Summer will always be an interesting time for us. Since I work, the kids are in a daycare program. Mickey doesn’t do that well in a daycare situation – not enough structure. For that reason alone, summers are tough. But, this summer wasn’t all bad and his worst day in the summer of 2013, was equivalent to his best day during the summer of 2012.
The kids started begging for a Disney trip. A year ago, I didn’t think it was possible, but I was beginning to wonder if it was. We hadn’t seen a meltdown at home in months. School meltdowns were easily diffused. Therapy was down to 3 times a week (1 CSI, 1 individual and 1 family). The kids plotted against me for the first time and I thought it was awesome! They were building a relationship and they combined forces to begin a rather relentless Disney campaign.
So, I began to think about it and researching Disney, including their disability program. I also decided that Mickey needed a trial at a theme park. For an ASD/SPD kid, Disney can be a nightmare. I could only imagine Mickey waiting in line for 45 minutes or dealing with the crowds and heat. I made a couple of decisions:
#1 – though I swore I wouldn’t be the parent who took their kids out of school to go to Disney, but for Mickey to do this, peak crowds and peak heat were not going to be an option.
#2 – If Mickey wanted to go to Disney, he was going to have to show me that he could earn it.
#3 – We would try a theme park on our annual Indiana trip and see how it went.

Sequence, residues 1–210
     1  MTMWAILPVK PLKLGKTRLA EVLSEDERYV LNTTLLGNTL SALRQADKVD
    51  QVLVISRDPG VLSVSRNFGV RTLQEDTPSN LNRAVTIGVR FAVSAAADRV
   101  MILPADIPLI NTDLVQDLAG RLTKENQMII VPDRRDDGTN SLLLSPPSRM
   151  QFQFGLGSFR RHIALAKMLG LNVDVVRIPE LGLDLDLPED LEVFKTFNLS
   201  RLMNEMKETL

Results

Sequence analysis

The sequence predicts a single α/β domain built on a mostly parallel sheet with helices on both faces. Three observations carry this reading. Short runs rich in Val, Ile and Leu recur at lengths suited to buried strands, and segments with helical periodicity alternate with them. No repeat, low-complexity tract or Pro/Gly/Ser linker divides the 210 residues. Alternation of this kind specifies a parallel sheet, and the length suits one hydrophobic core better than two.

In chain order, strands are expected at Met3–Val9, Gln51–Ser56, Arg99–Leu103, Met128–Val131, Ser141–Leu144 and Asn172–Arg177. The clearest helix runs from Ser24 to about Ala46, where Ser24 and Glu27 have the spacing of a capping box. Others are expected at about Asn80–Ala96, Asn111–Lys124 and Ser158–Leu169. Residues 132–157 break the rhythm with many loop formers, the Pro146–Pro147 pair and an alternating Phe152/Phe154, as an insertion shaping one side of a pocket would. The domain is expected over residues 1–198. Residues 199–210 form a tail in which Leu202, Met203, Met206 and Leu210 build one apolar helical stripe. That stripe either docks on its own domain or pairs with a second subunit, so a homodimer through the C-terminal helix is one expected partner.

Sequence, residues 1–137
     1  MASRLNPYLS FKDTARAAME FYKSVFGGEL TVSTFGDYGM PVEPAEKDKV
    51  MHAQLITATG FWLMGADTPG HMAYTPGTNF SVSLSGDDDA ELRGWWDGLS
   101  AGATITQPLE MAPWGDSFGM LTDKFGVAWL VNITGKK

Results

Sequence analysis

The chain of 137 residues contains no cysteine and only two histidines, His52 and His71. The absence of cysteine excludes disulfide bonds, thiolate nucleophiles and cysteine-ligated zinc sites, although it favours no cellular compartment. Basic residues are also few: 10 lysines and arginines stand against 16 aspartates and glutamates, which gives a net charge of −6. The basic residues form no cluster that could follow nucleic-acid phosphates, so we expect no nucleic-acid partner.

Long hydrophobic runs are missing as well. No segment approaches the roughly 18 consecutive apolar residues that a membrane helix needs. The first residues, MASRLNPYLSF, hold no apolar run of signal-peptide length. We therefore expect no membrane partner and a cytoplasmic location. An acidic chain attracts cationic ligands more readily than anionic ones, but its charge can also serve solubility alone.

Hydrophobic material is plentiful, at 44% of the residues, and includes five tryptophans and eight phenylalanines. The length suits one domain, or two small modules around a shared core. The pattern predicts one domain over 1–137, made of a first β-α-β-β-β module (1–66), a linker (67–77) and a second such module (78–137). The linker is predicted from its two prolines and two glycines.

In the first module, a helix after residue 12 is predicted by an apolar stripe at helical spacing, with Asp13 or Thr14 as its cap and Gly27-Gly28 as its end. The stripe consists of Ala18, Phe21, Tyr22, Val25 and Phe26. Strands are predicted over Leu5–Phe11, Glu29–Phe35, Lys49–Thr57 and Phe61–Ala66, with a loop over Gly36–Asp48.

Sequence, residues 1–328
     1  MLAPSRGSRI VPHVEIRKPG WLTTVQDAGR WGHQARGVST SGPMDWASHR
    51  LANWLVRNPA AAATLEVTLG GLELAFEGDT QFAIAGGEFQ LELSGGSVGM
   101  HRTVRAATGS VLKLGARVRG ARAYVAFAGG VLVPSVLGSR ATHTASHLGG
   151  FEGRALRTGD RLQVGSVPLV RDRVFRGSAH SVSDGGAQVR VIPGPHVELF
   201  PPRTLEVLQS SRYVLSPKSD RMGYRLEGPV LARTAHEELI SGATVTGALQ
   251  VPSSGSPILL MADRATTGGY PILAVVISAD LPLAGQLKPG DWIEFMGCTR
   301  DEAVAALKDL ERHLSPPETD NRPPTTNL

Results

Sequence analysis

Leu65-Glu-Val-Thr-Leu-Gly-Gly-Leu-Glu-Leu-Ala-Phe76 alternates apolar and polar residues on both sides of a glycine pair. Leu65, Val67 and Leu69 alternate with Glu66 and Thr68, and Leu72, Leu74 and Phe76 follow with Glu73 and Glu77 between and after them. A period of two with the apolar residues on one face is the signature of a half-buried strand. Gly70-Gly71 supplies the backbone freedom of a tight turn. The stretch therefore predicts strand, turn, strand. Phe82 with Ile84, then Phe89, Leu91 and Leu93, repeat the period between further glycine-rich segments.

I planned our trip for late September, which was Minnie and Mickey’s birthdays, but I didn’t pull the trigger on paying for it until after Indiana.
We had a couple of major events this summer. The first was that my parents moved closer. Turns out that Minnie and Mickey being 18 miles away from them was just too much. They moved 6 miles away to a new house. On move in day, the neighbor’s house caught fire and burned to the ground. The fire department asked us to get out of my parent’s house as well, as it was a windy day and the houses were relatively close together. The street was blocked and we couldn’t leave. We had to watch the house burn. All people and animals were able to get out without injury. As a result, Mickey developed a very intense fear of fire.
We had moved earlier in the year to a bigger house with a better yard for Mason. We also got a pool. I discovered that both kids had a relatively large fear of water. I found out later that Minnie’s was related to a near drowning as a baby – intentional. While in her foster home her fear was so intense that they struggled to even bathe her. Mickey’s was just his initial fear of everything. We had done swim lessons, and both had improved. Minnie passed and Mickey failed, 3 times. He panicked too much to float, but he was able to hold his breath, swim under water, and was an adequate swimmer.
We went to Indiana for our trip. I recruited a couple of cousins and my aunt to go to Holiday World with us for our practice theme park trip. Mickey did great. He kept his cool, he was able to identify things he couldn’t handle (roller coasters, lines that were too long). He had a couple of moments when something he wanted wasn’t something he could handle, but all in all, I think he did great. Those moments were easily diffused, he asked for breaks when he needed and I began to think our Disney trip might happen.
We hung out with family, we rode four wheelers, attended a SWAT team training exercise, did paddle boats, and made the foolish attempt at roasting marshmallows. given Mickey’s new found fire fear, that didn’t end well. He panicked, there was hyperventilating and a mini freak out.
But, it was a great trip and we were ready for Kindergarten and 2nd grade and maybe the trip “they had dreamed about for their whole lives!!”. My kids are nothing if not dramatic…